boeljon-christel-110726

Wonderful weather welcomed the LPGA pros to Carnoustie for Tuesday's pro-am ahead of the Women's British Open. ((David Cannon/Getty Images))

The Women's British Open is our last major of the year. We are playing at Carnoustie in Angus, Scotland. I love coming to Scotland. It just seems so peaceful here.

Back in 2007, we played the Women's Open at St. Andrews and it such an amazing atmosphere. My grandmother is from Scotland, so it kind of feels like home to me.

Already, it has been an adventure since we have arrived here on Sunday afternoon.

I changed my flight from France, where I played in the Evian Masters, to get in a day earlier and had issues at the airport. The Lufthansa representative was quite rude to me. To make a long story short, I changed my flight over the phone and somehow it was changed properly. But the representative spoke to me like it was my first time travelling. Luckily, I could still get on the flight. I was very thankful to get all of my luggage this time ( see last week ).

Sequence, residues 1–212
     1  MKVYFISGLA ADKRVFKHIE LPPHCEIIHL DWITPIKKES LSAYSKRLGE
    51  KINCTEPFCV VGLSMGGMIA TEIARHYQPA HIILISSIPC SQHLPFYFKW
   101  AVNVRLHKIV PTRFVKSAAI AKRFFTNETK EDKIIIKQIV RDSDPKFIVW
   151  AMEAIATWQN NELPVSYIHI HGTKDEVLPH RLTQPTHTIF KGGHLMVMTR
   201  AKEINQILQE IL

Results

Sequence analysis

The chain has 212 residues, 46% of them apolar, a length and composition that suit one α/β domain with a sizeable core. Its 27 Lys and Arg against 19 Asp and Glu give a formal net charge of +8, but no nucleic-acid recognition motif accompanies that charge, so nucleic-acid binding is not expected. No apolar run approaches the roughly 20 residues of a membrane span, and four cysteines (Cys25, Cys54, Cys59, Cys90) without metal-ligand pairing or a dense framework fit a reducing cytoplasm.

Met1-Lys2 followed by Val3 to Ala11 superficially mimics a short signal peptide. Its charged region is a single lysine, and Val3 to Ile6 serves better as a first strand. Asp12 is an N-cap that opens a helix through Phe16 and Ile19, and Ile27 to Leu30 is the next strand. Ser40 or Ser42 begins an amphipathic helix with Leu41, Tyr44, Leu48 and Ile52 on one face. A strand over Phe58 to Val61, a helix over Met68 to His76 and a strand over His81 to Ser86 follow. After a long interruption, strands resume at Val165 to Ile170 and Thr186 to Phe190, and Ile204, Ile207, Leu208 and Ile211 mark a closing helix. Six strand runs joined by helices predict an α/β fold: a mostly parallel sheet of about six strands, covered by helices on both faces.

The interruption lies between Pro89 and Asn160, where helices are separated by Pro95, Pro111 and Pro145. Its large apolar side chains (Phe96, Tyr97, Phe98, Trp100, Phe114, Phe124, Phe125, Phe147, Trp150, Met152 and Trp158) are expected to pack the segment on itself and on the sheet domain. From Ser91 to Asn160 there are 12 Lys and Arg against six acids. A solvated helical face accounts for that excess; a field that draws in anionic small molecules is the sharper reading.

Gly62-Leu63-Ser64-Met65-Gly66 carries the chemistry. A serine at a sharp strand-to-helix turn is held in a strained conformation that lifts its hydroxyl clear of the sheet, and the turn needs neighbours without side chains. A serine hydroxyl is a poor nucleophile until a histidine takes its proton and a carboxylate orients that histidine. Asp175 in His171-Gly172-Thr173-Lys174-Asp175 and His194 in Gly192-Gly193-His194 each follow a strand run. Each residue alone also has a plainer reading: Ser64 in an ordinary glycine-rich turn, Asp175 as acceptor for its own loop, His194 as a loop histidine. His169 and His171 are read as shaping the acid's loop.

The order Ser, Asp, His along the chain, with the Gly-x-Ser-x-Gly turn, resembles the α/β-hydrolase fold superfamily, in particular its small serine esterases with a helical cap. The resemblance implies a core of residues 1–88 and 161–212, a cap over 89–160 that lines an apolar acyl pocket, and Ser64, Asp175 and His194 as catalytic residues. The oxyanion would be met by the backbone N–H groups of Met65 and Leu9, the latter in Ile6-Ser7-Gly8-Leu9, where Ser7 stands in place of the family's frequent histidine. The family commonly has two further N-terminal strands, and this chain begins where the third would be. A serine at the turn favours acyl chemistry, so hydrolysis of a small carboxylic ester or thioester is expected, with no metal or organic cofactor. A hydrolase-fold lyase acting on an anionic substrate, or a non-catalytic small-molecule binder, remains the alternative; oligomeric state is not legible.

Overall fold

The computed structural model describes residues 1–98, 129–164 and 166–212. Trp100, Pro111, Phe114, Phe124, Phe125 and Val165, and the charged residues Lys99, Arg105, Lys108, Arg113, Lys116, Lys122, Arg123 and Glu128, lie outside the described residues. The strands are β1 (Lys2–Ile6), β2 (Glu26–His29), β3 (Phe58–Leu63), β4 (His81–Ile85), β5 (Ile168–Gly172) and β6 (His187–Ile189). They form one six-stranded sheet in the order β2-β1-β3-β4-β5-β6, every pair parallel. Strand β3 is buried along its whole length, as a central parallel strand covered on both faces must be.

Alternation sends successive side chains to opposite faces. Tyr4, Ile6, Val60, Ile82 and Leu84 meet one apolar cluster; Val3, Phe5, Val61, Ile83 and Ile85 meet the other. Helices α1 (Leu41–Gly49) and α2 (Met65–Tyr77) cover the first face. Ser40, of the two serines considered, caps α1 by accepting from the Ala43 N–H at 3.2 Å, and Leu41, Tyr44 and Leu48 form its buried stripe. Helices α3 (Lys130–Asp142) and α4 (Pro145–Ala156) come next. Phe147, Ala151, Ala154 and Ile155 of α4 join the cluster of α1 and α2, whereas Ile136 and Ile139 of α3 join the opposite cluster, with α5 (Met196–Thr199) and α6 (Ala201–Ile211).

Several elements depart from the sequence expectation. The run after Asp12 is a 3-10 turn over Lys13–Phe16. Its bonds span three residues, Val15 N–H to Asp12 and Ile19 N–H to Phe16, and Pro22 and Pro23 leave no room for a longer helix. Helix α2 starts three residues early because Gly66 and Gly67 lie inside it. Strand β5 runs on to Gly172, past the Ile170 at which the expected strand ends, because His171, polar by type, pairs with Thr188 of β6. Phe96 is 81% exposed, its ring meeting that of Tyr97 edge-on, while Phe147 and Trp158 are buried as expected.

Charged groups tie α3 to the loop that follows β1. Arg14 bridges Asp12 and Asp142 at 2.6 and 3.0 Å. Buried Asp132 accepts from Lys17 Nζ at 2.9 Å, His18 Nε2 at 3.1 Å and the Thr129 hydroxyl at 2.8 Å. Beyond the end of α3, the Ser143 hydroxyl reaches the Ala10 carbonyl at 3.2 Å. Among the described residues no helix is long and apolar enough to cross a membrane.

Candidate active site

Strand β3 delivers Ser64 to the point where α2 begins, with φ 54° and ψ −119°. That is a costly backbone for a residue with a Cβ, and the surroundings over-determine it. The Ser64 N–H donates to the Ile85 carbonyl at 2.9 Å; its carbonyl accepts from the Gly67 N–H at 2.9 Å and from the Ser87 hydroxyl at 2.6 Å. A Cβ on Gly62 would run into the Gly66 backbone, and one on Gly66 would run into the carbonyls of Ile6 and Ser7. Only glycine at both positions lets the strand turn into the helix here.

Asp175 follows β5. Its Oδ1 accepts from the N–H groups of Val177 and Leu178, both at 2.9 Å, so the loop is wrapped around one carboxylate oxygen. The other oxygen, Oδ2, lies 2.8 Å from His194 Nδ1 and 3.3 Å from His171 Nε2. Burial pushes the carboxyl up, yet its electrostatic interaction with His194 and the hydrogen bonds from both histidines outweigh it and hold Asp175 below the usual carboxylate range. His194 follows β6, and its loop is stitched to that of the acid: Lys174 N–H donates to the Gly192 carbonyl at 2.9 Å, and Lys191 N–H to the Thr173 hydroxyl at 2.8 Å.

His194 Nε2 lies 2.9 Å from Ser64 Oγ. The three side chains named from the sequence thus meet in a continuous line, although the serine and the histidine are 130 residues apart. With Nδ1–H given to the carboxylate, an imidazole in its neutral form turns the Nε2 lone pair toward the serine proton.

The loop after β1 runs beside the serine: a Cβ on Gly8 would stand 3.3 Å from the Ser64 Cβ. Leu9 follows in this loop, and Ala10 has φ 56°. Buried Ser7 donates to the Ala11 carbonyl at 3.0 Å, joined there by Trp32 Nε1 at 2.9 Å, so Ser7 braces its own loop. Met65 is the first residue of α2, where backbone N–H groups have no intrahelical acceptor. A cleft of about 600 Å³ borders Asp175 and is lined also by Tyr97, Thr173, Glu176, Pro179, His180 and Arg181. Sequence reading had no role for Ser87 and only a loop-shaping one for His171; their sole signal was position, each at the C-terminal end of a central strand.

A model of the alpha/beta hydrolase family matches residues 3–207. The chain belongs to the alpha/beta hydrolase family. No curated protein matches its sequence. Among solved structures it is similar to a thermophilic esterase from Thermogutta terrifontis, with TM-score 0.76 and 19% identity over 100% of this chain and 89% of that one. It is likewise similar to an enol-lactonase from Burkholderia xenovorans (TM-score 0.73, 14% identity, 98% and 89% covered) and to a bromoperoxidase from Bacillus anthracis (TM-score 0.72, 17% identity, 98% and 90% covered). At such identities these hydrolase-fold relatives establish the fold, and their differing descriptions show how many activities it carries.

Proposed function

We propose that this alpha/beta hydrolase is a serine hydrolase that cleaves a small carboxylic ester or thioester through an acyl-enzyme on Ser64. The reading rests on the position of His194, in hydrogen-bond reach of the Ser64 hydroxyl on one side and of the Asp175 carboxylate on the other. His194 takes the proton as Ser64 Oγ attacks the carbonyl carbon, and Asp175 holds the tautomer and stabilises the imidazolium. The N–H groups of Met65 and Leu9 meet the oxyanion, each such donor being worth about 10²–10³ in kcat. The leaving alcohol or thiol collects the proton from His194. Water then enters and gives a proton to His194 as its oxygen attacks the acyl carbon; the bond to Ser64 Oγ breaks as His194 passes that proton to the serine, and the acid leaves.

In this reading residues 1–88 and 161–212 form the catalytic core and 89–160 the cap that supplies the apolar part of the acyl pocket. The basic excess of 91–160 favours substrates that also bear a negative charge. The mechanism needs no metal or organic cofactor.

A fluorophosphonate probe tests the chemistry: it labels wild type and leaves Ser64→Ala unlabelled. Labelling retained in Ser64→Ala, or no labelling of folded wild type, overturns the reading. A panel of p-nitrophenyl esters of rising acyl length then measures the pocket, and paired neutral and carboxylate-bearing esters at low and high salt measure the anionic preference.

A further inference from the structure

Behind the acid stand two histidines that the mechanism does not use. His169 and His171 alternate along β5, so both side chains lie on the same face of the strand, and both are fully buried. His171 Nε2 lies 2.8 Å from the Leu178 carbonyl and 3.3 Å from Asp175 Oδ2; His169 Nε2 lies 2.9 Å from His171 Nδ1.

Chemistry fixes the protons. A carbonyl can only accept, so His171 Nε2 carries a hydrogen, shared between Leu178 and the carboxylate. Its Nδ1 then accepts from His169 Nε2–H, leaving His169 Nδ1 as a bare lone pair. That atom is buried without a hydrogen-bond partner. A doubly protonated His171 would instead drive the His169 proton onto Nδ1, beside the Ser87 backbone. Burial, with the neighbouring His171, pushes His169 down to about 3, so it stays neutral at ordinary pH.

I was travelling with my caddie Missy Pederson and fellow pro Beth Bader. We rented a car and, thank goodness, they gave us a standard. We all take driving for granted and really don't think about it. But over here, being on the other side of the road, you definitely have to pay more attention. About 75 miles later, we arrived at Carnoustie to beautiful — unheard of — weather.

I got out to play some of the holes Monday and it is quite the course. The last four holes are pretty challenging. I stood on the tee of the 18th hole and soaked in the scenery. The 18th, you might recall, is the par-4 made famous in 1999 by Jean Van de Velde who, needing only a six to secure the claret jug, clanked a shot off the grandstand, plunked one in the water and chunked into a bunker for a triple-bogey 7 before eventually losing in a four-hole playoff.

I can tell the course will be tough when the wind is blowing. The greens are large but fairly flat, except for a couple of them.

The food in Scotland is quite different. You can get the best Indian and Chinese food over here. And, of course, fries — or as they call them, chips. Whether you order pasta or salad, every meal here comes with chips. At least there are some nice trails here to run on — have to run off all those carbs!

I'm really looking forward to playing this week. After struggling last week in France, I feel being in Grandma's home country that my luck will change.